The most interesting parts of FFXVI's world — its beastly Eikons, its magical slave culture, its warring countries, and its magic-based economy — all become tied to a handful of characters and an overarching narrative that has nothing to do with the majority of the world's actors. Getting these elements to work beyond Final Fantasy XVI's conclusion would require so significant a rewrite of Valisthea and its established lore that it would defeat the purpose of connecting the story to FFXVI in the first place.

Reason 3: Mechanical sequels are better

My favorite thing about Final Fantasy as a franchise is how each of its mainline sequels offers you a completely unique and isolated world to experience. Yet while this means each mainline Final Fantasy game abandons the narrative of the previous title, that doesn't mean these games completely throw away the mechanics of the preceding game.

When I think of what I would like most from a sequel to Final Fantasy XVI, I think far less about the potential of its narrative and far more about those exquisite mechanics: the combat, the exploration, the level design, and the various interlinked RPG systems at play. For example, I like to look at certain elements of FFXVI's combat and wonder what might happen should its lead designer, Ryota Suzuki, be given the opportunity to evolve it in some way.

Final Fantasy XVIFinal Fantasy XVI combat good.

Personally, I was a big fan of the combat in FFXVI, though I felt by the end the reliance on cooldowns and the rigid nature of Clive's playstyle eventually left the late-game feeling more like a MOBA than an action game. That's not inherently a bad thing, of course, but I found it detracted a little from the mechanical skill required to master the early sections of the game, and so I was left fairly uninvolved in the combat by the end of the game.

Now, you might argue that this kind of revision of the game's combat would be a perfect fit for a direct sequel to Final Fantasy XVI, but I'm not so sure. Certainly, I can imagine Suzuki retuning his work within the confines of FFXVI's lore and making a solid revision of what all is there, there's no doubt there. Yet, I can't help but think the result would be much more interesting were the designer to be given the conceptual freedom afforded by a blank canvas.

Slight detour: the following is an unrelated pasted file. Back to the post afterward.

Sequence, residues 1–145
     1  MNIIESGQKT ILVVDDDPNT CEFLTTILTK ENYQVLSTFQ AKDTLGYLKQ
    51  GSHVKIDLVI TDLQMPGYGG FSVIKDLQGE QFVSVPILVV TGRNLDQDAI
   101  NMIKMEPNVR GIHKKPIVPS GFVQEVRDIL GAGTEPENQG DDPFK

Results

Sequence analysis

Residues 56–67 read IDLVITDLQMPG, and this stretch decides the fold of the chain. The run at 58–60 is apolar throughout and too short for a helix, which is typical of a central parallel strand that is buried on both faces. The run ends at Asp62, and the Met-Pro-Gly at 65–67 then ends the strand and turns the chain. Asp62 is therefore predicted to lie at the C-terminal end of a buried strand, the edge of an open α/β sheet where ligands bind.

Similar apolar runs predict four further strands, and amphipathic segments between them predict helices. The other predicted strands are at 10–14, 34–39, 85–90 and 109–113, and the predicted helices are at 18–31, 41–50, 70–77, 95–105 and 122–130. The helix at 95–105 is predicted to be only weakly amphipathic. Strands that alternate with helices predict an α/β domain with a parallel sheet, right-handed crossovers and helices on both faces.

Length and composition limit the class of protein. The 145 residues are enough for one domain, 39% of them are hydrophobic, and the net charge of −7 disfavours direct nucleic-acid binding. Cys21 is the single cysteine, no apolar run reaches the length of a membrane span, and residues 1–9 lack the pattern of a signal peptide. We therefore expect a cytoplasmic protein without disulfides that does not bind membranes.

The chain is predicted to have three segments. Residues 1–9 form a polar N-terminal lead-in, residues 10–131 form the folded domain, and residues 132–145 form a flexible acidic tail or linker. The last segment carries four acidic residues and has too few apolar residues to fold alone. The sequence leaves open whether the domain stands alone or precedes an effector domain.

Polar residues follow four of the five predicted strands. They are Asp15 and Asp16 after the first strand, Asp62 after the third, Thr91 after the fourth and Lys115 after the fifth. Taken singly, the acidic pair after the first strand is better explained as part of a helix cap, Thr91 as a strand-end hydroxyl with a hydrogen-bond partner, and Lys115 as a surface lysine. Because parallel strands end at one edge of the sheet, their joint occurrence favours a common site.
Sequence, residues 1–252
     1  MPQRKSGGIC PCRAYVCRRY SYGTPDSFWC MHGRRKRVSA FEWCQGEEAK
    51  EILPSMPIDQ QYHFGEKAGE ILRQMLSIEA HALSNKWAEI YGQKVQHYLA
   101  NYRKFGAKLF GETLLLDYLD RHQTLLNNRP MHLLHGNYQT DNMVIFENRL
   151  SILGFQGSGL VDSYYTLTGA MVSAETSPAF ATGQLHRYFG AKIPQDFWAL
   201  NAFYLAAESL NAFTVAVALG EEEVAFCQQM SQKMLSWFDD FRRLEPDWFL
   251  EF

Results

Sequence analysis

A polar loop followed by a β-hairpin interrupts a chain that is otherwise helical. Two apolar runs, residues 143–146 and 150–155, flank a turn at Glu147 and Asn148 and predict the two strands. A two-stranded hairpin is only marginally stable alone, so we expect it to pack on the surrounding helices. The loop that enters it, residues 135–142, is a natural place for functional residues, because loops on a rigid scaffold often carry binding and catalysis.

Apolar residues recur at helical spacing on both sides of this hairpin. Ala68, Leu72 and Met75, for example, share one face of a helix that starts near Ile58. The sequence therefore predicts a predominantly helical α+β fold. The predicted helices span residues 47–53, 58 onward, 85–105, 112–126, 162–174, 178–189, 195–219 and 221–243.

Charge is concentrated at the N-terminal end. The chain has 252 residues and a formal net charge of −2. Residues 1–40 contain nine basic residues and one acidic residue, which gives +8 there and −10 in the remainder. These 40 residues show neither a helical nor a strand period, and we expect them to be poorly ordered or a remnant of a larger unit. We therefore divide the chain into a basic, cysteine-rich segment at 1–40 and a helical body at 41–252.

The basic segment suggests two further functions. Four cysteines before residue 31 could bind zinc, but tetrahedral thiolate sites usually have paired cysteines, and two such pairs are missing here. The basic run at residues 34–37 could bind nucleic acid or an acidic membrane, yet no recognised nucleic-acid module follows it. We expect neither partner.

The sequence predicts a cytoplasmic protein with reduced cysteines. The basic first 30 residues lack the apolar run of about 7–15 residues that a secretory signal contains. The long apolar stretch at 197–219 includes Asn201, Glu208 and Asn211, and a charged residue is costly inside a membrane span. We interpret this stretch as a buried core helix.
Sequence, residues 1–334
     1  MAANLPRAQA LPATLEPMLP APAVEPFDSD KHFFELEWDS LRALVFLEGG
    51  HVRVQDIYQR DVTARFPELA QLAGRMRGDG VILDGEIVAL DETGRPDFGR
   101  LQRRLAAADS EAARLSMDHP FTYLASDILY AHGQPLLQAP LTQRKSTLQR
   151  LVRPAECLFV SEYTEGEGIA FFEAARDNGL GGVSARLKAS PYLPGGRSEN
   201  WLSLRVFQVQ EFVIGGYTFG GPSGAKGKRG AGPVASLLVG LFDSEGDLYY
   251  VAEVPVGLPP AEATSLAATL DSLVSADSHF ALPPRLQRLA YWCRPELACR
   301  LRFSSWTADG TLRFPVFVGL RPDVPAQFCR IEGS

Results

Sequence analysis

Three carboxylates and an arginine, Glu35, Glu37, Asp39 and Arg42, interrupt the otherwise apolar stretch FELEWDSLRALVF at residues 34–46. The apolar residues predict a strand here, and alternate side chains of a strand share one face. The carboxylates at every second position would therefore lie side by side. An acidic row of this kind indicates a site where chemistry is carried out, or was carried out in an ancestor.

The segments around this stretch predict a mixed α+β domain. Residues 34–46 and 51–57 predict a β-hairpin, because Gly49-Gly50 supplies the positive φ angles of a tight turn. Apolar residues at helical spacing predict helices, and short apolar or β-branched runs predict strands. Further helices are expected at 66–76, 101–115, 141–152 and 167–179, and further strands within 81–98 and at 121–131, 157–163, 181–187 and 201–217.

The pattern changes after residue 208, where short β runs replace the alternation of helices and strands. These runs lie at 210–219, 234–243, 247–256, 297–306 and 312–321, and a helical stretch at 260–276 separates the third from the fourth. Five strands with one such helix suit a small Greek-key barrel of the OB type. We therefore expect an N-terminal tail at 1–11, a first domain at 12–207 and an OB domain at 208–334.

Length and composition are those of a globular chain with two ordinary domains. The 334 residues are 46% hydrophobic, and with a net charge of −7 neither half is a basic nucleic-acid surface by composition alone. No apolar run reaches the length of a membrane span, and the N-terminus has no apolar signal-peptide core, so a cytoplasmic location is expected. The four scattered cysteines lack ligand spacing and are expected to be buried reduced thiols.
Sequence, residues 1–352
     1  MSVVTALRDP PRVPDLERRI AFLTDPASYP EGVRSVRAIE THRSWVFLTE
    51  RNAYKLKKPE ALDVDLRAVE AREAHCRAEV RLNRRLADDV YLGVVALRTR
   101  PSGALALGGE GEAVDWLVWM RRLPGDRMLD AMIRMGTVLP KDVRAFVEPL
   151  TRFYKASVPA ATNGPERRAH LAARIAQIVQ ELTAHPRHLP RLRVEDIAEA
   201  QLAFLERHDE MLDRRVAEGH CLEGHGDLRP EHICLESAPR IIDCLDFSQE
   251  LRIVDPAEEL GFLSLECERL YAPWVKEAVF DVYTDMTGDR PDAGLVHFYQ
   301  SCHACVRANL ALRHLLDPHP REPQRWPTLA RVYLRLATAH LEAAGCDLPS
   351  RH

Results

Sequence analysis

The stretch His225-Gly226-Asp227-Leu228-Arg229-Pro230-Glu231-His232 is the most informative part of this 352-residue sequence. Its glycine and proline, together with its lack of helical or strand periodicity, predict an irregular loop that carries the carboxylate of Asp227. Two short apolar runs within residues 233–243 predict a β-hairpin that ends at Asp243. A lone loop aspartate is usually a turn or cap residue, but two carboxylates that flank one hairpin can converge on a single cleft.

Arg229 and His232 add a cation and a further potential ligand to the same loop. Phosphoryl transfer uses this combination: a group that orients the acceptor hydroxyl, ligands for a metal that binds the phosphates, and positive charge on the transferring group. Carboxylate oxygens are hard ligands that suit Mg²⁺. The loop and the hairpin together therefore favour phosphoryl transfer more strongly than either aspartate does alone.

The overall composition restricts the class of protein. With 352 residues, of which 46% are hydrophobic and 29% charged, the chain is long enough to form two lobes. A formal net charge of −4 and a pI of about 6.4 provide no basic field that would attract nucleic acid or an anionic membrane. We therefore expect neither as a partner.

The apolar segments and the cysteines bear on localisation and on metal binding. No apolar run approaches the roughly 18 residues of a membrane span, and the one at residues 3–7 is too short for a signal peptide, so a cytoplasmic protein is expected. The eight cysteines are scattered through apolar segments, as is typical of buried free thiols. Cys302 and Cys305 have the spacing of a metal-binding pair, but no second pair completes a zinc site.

Final Fantasy XVIBigger explosions. That's all I really want.

That's where the potential of mainline Final Fantasy sequels truly shines. By opting to create a Final Fantasy XVII instead of a Final Fantasy XVI-2, the creatives would be afforded the opportunity to look at everything that did and didn't work in their previous effort and experiment freely with the next game. The potential of such a project fascinates me far more than any direct sequel to Final Fantasy XVI. So, rather than waste time on DLC, I say let's just get cracking on the next big thing.

Counterpoint: Final Fantasy XVI-2 could be hilarious

With all that said, I'm sure it'll be difficult for Square Enix to reject the demands of Final Fantasy XVI's many PS5 fans — if it's a direct sequel to FFXVI they want, then a direct sequel they shall likely have. And I would never be so callous as to say there's absolutely no potential in such a project — just that it would be tricky to make good.

Final Fantasy XVIThere's always potential.

As complete as Final Fantasy XVI is as a whole, it does leave hints at some intriguing stories throughout its lore — most fans are keen to point out the mystery regarding Leviathan, the "lost" Eikon. It would take some extraordinary leaps in storytelling to make such a tale feel meaningful in relation to the deeply resolved Final Fantasy XVI, but at least it sounds like a cool idea on paper to go back in time rather than forwards.

Plus, there's always the opportunity to just go crazy on it and make a Final Fantasy XVI sequel that abandons all pretense and just uses the game's established brand to create something completely different. Something like Final Fantasy X-2 jumps to mind — a game that largely did away with Final Fantasy X's sports boy epic in favor of making a sort of high-fashion Charlie's Angels.
There's really no telling what you're asking for when you demand a sequel to a Final Fantasy game — so, in turn, it's also no safe bet to say you wouldn't want them to make it. Maybe I wouldn't be interested in playing Final Fantasy XVI Part II, in which Clive trains under King Kai and unlocks the power of Super Ifrit, but Final Fantasy XVI-2: Kill Jill? Maybe I came out a little too strongly against this FFXVI sequel after all.

Now it's your turn — would you play a Final Fantasy XVI sequel? Do you think it could potentially surpass the original, one of the best PS5 games so far? Let us know in the comments below.
Written by Lee Brady
Staff Writer Lee keeps one eye on the future (Shadow x Sonic Generations), one eye on the past (PS Plus Premium games), and his secret third eye on junk he really likes (Final Fantasy and Kingdom Hearts games). Then he uses his big mouth to blurt out long-winded opinions about video games.